Beneath the Provisions of the Tax Code, Lies a Campaign Financing Dark Channel
Hidden deep in the Republican tax bill is a proposal that will see the Johnson Amendment watered down. The proposal seeks to allow charities and more so churches to engage in open electioneering. The proposal will definitely have a huge impact on the American campaign finance system. Since its inception in 1954, the Johnson Amendment has prevented tax-exempt charitable institutions from using their platforms for endorsing candidates in elections. The greatest fear, however, is that the organizations of charity might be turned into avenues to channel campaign funds to specific campaigns. This, as it is, will go against the reasons for the tax exempt status they enjoy.
The proposals in the tax bill will allow wealthy financiers to make donations to charities in exchange for endorsements of specific candidates. What is more is that the billionaire donors can go ahead and claim tax relief from such donations. While the contributions will be outrightly political, they will not look any different from other charitable donations for tax purposes. The church remains a tax-exempt organization, and the billionaire donor gets to channel campaign funds with a definite tax write off.
Most Americans, however, are not excited by the proposal. There is need to keep campaigns from some specific aspects of society. Not very many religious leaders are excited at the proposal either. This was seen as more than four thousand religious leaders signed a letter in support of the Johnson Amendment. The leaders argued the current status provided by the Johnson Amendment is adequate as it provides churches and other charities a reasonable limit to engage in politics. While church institutions can participate in advocacy to promote a moral agenda, they cannot outrightly tell congregations who to vote for in an election. Up to five thousand not for profit organizations too waded into the debate and signed a similar letter saying the Johnson Amendment adequately protected the integrity of charitable institutions.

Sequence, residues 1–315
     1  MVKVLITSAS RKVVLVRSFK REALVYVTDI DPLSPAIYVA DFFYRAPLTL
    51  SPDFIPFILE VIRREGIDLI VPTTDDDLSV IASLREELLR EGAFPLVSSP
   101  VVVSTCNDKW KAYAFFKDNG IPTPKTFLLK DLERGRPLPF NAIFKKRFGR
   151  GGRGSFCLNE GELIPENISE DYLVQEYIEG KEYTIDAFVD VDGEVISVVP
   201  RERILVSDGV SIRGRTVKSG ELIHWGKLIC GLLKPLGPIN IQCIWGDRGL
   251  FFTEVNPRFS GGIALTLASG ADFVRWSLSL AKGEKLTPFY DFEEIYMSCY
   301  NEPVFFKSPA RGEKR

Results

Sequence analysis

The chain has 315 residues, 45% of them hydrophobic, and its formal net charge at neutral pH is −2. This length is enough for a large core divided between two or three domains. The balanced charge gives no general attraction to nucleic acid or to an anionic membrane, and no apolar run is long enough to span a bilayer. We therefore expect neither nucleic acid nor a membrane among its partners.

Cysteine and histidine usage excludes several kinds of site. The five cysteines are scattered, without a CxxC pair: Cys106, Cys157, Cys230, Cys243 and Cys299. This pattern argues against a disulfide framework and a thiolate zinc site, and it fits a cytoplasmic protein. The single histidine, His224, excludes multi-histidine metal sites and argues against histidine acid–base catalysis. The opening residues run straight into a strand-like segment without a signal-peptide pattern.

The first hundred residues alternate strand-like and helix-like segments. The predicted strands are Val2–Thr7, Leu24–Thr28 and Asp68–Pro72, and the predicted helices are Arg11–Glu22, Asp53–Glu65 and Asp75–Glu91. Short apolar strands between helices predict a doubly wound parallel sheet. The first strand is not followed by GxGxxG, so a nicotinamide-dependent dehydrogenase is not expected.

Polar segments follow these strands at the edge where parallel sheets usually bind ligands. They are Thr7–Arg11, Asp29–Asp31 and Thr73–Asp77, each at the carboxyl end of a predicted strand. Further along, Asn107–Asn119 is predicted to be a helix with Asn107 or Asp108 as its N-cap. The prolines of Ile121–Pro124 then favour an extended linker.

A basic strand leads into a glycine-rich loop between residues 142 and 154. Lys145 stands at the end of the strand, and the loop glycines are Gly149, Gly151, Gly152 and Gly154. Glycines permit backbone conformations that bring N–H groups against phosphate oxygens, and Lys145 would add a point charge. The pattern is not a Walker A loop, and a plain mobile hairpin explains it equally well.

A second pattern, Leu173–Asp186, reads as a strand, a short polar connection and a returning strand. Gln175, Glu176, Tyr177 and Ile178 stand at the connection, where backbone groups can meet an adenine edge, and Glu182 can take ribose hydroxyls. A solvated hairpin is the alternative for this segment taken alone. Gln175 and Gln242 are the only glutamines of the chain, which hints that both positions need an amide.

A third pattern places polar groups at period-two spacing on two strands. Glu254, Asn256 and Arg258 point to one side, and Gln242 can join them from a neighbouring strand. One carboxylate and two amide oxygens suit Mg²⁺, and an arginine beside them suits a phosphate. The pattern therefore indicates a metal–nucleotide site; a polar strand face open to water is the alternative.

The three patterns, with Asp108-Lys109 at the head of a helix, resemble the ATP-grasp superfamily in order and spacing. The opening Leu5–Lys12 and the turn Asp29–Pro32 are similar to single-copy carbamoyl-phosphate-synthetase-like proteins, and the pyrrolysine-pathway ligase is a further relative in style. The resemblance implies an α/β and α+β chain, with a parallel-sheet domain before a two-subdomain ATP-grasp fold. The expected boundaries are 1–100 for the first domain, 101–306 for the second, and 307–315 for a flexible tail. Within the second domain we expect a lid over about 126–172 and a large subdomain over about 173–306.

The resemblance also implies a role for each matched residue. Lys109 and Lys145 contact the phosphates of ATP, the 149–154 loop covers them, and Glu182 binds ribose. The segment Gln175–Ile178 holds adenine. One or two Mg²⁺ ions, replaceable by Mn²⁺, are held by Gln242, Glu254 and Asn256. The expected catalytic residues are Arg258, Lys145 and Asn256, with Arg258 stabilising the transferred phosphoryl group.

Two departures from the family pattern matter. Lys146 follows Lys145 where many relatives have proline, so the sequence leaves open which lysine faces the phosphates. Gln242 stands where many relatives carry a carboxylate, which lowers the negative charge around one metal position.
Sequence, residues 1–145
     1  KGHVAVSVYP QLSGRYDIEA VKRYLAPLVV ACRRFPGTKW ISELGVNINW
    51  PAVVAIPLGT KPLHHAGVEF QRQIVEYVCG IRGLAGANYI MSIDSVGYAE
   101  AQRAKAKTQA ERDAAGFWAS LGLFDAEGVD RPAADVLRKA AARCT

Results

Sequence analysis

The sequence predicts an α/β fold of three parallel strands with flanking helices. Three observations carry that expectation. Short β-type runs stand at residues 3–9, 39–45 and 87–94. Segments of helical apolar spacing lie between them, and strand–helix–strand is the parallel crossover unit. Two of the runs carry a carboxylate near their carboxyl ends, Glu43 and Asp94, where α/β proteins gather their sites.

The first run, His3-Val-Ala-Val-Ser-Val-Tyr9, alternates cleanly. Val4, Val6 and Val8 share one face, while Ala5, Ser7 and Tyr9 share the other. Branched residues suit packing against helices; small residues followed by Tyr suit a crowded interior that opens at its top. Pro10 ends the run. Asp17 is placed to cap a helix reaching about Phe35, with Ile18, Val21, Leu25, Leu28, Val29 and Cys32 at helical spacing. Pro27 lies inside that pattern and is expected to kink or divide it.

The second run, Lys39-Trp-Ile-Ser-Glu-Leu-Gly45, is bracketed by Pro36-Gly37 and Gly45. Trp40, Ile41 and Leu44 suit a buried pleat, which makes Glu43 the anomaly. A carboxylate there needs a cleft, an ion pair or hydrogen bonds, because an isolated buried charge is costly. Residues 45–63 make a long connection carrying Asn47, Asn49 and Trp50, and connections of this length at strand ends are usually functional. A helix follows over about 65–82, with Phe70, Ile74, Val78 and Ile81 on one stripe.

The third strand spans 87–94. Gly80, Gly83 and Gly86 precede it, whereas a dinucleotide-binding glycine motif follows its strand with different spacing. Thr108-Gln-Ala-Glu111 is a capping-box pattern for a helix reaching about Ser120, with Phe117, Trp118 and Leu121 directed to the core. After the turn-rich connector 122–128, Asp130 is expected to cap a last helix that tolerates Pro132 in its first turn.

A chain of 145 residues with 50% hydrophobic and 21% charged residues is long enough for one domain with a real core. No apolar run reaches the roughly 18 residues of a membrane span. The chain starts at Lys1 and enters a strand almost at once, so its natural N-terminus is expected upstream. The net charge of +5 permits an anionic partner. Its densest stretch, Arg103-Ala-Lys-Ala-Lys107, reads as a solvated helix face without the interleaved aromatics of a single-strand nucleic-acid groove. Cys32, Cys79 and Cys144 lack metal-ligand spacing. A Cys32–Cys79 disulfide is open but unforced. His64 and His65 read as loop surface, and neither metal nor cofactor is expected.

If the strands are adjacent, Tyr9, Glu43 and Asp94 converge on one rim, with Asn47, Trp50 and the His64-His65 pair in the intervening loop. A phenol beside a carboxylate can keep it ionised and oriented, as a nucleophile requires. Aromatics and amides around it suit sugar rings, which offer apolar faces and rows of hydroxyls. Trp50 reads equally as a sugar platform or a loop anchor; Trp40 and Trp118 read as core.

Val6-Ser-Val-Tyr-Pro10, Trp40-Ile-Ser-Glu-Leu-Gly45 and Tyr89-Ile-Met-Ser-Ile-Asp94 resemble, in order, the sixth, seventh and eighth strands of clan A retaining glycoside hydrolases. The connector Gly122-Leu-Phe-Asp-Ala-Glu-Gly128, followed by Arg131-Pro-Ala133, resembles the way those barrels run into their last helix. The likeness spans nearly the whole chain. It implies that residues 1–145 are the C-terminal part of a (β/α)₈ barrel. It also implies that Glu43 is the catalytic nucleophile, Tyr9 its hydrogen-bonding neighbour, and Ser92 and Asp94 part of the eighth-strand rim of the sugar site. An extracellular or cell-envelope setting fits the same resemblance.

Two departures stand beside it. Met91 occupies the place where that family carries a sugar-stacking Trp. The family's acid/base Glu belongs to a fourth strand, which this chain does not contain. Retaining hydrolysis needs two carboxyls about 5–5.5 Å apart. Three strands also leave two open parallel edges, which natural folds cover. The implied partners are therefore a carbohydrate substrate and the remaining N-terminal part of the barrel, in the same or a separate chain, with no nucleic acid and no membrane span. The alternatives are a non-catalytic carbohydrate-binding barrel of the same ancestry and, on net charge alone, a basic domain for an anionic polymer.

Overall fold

As things stand, the Johnson amendment stops dark money from seeping into the campaign system and the idea to allow churches to be used for purposes of introducing dark money into the political system is detestable. As the affront to the Johnson Amendment continued, End Citizens United has had to shift its focus to the Republican tax bill. The Political Action Committee that was formed to fight the Supreme Court decision of 2010 that saw an introduction of dark money into politics, now sees the tax code as an extended affront on campaign financing reforms. While previously the threat of dark money in campaigns was from corporations, a new avenue was opening that includes charities. ECU hopes to mobilize as much support for candidates who will carry out the campaign agenda in Congress and the Senate.